Pepper Mosaic Virus: Learn About Mosaic Virus On Pepper Plants

By Mary H. Dyer, Master Naturalist and Master Gardener

Mosaic is a viral disease that affects quality and reduces yield in a wide variety of plants, including sweet and hot peppers. Once infection occurs, there are no cures for mosaic virus on pepper plants, which is spread by pests. Even fungicides are of no use against pepper mosaic virus. Read on to learn more about mosaic virus on pepper plants.

Signs of Mosaic Virus in Peppers

The main signs of pepper plants with mosaic virus are stunted, pale green or leathery leaves, specks or ring spots, and a tell-tale mosaic appearance consisting of dark and light spots or streaks on the foliage – and sometimes the peppers.

Other signs of mosaic virus in peppers include curled or wrinkled leaves and stunted plant growth. Peppers with the disease may display blistered or warty areas.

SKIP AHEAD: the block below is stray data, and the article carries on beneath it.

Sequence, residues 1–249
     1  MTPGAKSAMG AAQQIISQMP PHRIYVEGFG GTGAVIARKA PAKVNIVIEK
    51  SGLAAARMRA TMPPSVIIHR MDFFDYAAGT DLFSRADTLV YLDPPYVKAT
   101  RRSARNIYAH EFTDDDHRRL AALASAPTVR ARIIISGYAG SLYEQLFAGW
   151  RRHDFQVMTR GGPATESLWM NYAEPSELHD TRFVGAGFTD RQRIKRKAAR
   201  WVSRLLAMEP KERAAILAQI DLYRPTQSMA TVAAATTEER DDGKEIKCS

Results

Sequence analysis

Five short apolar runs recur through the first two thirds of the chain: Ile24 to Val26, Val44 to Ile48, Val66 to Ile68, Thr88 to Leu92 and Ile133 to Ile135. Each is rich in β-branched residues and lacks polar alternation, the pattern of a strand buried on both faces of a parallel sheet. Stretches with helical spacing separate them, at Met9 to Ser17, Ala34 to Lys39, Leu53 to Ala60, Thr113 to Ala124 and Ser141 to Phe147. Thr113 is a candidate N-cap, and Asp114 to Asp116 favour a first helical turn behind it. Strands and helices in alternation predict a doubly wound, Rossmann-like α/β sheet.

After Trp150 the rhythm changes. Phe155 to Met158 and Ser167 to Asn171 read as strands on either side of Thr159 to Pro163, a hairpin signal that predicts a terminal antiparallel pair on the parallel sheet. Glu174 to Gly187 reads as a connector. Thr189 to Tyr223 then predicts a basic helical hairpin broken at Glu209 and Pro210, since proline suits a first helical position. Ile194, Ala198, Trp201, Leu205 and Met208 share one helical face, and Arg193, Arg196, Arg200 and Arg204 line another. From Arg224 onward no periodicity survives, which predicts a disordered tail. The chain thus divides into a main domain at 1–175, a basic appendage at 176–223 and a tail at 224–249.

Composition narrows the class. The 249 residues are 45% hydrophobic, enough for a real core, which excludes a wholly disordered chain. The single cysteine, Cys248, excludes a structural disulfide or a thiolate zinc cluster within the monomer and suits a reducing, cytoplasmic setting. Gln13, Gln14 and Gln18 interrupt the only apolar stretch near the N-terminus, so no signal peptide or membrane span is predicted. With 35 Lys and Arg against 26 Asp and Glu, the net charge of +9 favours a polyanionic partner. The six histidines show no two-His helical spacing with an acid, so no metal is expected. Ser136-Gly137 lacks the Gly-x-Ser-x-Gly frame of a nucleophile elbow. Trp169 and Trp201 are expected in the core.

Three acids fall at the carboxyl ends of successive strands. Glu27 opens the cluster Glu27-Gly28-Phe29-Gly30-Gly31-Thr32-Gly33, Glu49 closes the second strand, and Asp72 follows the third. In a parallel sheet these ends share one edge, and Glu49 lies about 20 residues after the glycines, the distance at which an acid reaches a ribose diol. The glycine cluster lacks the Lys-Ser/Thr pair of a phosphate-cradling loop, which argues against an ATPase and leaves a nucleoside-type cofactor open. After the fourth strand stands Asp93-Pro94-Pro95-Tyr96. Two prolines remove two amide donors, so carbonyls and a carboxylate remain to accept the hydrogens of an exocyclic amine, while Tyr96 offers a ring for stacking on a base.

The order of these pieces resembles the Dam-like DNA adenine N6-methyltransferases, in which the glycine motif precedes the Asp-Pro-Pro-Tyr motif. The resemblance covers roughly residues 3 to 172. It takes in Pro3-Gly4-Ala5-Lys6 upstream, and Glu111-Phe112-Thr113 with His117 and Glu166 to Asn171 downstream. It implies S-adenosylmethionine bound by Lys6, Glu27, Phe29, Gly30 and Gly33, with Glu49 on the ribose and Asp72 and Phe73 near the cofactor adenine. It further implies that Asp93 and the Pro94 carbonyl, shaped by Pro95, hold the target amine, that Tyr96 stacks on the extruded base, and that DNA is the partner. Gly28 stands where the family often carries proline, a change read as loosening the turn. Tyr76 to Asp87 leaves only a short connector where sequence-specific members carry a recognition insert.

Managing Mosaic Virus on Pepper Plants

Although pepper mosaic is transmitted by aphids, insecticides provide little control because the disease is transmitted quickly and plants are already infected by the time insecticides are applied. However, treating the aphids early in the season can slow spread of disease. Avoid chemical pesticides whenever possible. Usually, insecticidal soap spray or neem oil is effective and much safer for plants and the environment.

Discard seedlings that show any signs of pepper mosaic virus. Cover healthy seedlings with mesh to prevent aphid infestation. If that doesn’t work, remove diseased plants as soon as possible.

Wash your hands frequently while working in the garden, especially when the weather is damp or the leaves are wet. Also, sanitize garden tools after working with pepper plants, using a solution of one part bleach to four parts water.

Plant trap crops nearby, which may draw aphids away from your pepper plants. These may include:

Spray the trap plants with insecticidal soap when you see aphids on the plants. You can also try planting a few aphid-repellant plants around your pepper plants. For example, marigolds, onions and garlic are believed to keep aphids at bay.

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